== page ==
Managing wages growth is a critical business issue, and requires a raft of policy settings to be correct.
Up until the late 1980s, one of the major annual events for the Australian economy was the national wage case before the Australian Conciliation and Arbitration Commission.
With a highly centralised wage-fixing system, the increase set by the commission flowed through automatically to the vast majority of workers.
The Australian Council of Trade Unions invariably led the argument for large wage increases while the old Confederation of Australian Industry almost invariably argued for no increases.
The government of the day was often the swing factor that determined the commission’s decision.
The Hawke Labor government changed the rules of the game when it moved to a more decentralised wage-setting system in the mid to late 1980s, with a greater focus on collective bargaining.
The Howard government extended that trend, moving to a system where unions had a diminishing role and workplace productivity was the main driver of wage increases.
The trend toward labour market deregulation culminated in the introduction of the highly contentious Work Choices system, which unsettled many Australians and is widely considered to be one of the main reasons the coalition lost power in Canberra. With Labor back in power and the roll back of Work Choices proceeding, some of the habits of old are starting to reappear.
The central wage-fixing body, which has been through several name changes and is now called Fair Work Australia, is evaluating submissions for a review of the minimum wage.
The outcome of this matter will be far less sweeping than the old national wage cases, which automatically flowed through to the workforce.
Nonetheless, the increase in the minimum wage will apply to many workers, particularly in service industries such as retail, hospitality and restaurants, and is bound to become a benchmark for unions seeking wage increases for their own members.
Currently about 15 per cent of Australian workers have their wage set by award only, so they will be most directly affected.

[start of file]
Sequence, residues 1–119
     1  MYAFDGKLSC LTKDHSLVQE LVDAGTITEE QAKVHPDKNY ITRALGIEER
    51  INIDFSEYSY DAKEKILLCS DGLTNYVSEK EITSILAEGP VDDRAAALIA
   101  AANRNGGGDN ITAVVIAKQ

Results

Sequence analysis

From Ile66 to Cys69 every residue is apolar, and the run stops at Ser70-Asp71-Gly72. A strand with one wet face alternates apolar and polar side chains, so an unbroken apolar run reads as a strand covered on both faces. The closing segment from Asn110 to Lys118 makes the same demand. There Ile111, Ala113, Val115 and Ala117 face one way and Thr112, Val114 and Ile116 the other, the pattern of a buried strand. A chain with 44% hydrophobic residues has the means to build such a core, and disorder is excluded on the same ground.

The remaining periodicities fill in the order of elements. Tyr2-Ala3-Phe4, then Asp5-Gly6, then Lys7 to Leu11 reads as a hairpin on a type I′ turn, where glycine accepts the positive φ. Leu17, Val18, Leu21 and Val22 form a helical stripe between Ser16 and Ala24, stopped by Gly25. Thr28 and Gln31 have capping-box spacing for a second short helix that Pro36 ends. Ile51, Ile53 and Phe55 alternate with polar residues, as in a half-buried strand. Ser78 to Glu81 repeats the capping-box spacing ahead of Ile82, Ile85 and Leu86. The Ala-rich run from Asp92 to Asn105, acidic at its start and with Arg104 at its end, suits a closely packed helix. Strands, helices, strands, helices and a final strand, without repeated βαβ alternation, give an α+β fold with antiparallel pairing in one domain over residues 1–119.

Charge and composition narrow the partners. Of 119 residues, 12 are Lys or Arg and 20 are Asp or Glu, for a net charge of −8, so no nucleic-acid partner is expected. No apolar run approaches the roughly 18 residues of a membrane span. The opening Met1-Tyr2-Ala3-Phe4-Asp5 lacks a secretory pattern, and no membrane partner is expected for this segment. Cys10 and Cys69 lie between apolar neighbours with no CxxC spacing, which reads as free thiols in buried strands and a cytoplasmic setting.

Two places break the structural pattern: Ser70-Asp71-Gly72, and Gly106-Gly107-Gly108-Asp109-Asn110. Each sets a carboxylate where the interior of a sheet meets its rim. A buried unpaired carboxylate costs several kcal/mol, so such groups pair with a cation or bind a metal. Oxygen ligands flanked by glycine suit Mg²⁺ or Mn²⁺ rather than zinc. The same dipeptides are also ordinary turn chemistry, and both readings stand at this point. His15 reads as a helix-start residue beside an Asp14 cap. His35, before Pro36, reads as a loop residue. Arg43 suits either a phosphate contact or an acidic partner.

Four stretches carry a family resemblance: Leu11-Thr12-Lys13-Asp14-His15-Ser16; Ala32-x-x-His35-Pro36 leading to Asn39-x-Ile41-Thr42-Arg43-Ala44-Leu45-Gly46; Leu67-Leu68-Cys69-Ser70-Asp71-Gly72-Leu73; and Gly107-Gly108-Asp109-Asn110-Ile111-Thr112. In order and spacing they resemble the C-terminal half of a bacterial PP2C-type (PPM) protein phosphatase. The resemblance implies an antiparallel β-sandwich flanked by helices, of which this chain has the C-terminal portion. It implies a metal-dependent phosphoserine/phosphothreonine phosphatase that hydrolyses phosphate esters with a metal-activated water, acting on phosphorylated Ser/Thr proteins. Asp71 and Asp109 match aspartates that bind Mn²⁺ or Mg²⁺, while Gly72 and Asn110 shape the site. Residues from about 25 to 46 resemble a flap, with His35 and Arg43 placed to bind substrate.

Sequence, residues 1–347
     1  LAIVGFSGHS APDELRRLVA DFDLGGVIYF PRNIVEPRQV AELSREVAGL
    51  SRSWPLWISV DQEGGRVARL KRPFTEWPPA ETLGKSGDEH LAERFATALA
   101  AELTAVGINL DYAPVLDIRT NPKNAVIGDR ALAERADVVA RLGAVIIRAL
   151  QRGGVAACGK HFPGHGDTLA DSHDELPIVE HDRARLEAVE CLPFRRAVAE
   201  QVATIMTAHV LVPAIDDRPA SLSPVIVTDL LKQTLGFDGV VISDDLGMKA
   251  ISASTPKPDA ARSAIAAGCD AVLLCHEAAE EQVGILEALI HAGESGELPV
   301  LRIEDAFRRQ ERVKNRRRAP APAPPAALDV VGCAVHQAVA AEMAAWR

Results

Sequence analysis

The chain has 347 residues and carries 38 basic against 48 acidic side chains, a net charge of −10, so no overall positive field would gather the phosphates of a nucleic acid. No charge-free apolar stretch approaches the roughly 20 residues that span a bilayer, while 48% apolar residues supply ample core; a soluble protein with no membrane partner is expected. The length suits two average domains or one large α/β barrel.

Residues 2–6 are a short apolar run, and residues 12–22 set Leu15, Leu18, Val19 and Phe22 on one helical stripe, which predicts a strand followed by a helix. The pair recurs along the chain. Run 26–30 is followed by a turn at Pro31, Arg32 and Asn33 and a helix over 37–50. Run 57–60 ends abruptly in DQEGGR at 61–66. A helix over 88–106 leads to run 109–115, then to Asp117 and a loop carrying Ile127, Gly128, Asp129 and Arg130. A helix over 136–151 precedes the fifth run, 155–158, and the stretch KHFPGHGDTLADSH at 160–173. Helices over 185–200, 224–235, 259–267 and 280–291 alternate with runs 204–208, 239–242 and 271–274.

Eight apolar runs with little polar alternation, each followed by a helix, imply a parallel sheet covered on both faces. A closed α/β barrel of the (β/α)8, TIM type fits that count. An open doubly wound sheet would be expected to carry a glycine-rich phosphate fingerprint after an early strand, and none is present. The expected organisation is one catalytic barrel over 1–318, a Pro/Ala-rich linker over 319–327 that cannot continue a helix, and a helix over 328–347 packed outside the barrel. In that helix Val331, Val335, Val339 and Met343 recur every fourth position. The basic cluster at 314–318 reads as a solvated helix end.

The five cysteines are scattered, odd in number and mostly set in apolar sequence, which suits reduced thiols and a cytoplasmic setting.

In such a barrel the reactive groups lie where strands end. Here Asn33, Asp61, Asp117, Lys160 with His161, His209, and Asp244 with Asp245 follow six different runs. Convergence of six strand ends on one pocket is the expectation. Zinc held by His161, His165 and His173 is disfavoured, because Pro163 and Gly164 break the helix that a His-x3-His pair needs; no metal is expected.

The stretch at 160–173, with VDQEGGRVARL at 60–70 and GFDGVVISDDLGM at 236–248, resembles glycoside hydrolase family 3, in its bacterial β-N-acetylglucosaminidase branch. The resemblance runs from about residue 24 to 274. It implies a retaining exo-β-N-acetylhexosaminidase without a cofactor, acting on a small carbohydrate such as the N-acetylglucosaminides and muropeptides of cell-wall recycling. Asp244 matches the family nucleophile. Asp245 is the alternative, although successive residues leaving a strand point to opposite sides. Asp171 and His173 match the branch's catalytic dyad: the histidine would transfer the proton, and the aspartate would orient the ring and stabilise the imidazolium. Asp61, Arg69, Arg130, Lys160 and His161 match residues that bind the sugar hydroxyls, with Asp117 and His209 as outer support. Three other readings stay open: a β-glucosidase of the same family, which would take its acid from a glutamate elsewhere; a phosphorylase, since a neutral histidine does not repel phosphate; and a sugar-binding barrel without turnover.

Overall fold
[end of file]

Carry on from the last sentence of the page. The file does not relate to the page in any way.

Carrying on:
Most workers have their wage set by a collective agreement (43 per cent) or by an individual agreement (37 per cent).
In the 2009-10 minimum wage case, Fair Work Australia determined an increase of $26 a week to $569.90 a week, equivalent to just under $30,000 a year.
This year, a seven-member panel, led by Justice Geoffrey Giudice, is working its way through numerous submissions, from groups including the ACTU, the Australian Council of Social Service, and employer associations.
The unions are seeking an increase of $28 a week up to the “base trade rate” of $663.60 a week and 4.2 per cent for all award wage rates above that.
Employer groups are arguing for a lesser increase. The Australian Chamber of Commerce and Industry has argued for a flat increase of $9.50 a week, while the Australian Industry Group has argued for a $14 increase.
The Chamber of Commerce and Industry WA has argued for an increase of $12 up to the trade base rate and $10 a week for all award rates above that.
All of the employer groups noted that the Australian economy had emerged from the global financial crisis but its performance was highly variable across industries and regions, which would affect the capacity of many businesses to absorb higher labour costs.
The irony of this situation is that, with a two-speed economy, there are many businesses that face the opposite problem; they are forced to increase their wage rates and offer improved working conditions just to keep staff who might otherwise be tempted by high-paying jobs in the resources sector.
This group of employers would be helped by policies that create a more flexible labour supply.
Boosting training and getting the long-term unemployed into work – which has become a major focus for the federal government – is one part of the solution.
But it remains abundantly clear that a more responsive and flexible migration system is also needed to meet the needs of Australian business.
There has been modest progress on this front, but governments in Australia are yet to properly embrace migration as a valuable policy lever that sits alongside fiscal and monetary policy.